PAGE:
“We love this area. It has so much personality,” said Valencia, who opened the salon two years ago with Jennifer Parten. They plan to offer holistic health services to tap into the medical business in the area.

“We never doubted our location,” Valencia said.

Motheral’s initial building loan set the stage for the formation of Fort Worth South. To secure the loan, and at the urging of the late Mayor Bob Bolen, Motheral said he agreed to sign for a $6 million federal grant to redo the streetscape along Magnolia Avenue. To do so, he needed to create a neighborhood organization.

Motheral’s work attracted the attention and help of near-south-side real estate agent Joan Kline. The two joined forces and others joined them along the way. Their neighborhood organization eventually became Fort Worth South Inc., which this year is celebrating its 20th anniversary with about 350 members.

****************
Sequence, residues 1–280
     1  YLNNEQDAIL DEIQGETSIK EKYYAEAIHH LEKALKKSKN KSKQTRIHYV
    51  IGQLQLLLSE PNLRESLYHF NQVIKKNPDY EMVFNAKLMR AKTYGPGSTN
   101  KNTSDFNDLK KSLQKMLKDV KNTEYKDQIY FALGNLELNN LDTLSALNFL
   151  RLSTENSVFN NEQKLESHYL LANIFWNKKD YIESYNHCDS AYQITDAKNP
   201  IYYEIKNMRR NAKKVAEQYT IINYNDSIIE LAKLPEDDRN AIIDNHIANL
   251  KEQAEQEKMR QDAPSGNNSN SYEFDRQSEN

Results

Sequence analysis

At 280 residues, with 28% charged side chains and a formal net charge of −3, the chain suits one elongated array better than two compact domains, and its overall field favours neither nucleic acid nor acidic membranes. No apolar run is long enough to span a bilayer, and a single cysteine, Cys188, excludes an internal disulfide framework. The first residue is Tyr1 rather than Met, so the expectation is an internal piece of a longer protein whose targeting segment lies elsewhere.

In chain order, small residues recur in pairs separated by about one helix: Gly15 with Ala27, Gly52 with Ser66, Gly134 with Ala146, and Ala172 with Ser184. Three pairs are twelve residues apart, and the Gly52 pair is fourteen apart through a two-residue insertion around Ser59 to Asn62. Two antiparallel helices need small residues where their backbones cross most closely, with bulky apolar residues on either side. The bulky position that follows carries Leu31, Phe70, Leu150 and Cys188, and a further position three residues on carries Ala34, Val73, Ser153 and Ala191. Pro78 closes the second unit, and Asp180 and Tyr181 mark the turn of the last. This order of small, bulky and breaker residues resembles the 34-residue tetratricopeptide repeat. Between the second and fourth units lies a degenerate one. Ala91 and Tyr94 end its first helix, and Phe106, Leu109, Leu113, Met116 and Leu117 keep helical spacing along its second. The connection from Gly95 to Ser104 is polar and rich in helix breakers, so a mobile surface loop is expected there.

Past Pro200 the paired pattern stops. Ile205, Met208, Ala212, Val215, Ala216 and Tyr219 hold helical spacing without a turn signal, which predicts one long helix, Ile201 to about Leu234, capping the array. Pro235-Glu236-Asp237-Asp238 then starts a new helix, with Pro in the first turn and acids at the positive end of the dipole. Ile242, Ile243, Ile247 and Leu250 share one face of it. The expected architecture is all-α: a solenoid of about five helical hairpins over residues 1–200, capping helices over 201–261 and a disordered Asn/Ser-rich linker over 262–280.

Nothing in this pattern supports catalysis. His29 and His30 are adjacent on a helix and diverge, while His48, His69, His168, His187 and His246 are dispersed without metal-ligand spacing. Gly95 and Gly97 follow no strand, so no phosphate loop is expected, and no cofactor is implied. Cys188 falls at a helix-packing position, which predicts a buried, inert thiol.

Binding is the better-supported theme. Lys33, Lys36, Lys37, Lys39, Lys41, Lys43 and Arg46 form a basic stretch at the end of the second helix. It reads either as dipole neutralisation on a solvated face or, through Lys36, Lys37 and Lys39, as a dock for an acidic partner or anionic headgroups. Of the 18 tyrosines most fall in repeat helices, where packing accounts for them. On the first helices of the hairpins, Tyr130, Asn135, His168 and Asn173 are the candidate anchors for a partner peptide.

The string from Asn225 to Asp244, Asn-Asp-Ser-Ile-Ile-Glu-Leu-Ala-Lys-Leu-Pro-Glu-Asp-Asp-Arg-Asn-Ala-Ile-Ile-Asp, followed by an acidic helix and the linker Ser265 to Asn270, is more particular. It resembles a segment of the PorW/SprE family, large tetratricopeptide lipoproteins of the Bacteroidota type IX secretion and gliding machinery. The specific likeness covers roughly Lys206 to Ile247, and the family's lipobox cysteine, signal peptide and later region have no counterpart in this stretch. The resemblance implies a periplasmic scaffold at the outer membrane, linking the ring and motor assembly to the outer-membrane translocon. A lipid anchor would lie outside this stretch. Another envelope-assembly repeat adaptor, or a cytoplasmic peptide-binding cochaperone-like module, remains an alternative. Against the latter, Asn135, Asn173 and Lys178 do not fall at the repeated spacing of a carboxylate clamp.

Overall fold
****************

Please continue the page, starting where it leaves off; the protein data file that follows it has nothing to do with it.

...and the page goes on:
In 1997, the real estate tax base of the near south side was $231 million. Today it’s $548 million.

Rebuild it and they will come

The near south side became a model for revitalization in other Fort Worth neighborhoods. Many of the city’s zoning ordinances that cover property uses are based on what has occurred there.

Some of those ordinances focus on what can happen to historic structures during development. It was a constant battle for near-south-side leaders to keep structures from being torn down, said architect Ray Boothe, who has completed several renovations.

“The fabric of the original neighborhood was still there,” Boothe said. “But it had been semi-destroyed by urban flight. We had lost a lot, but the historic resources we had were scattered up and down Magnolia, South Main and other parts of the district. There was no nexus of a lot of it left together.”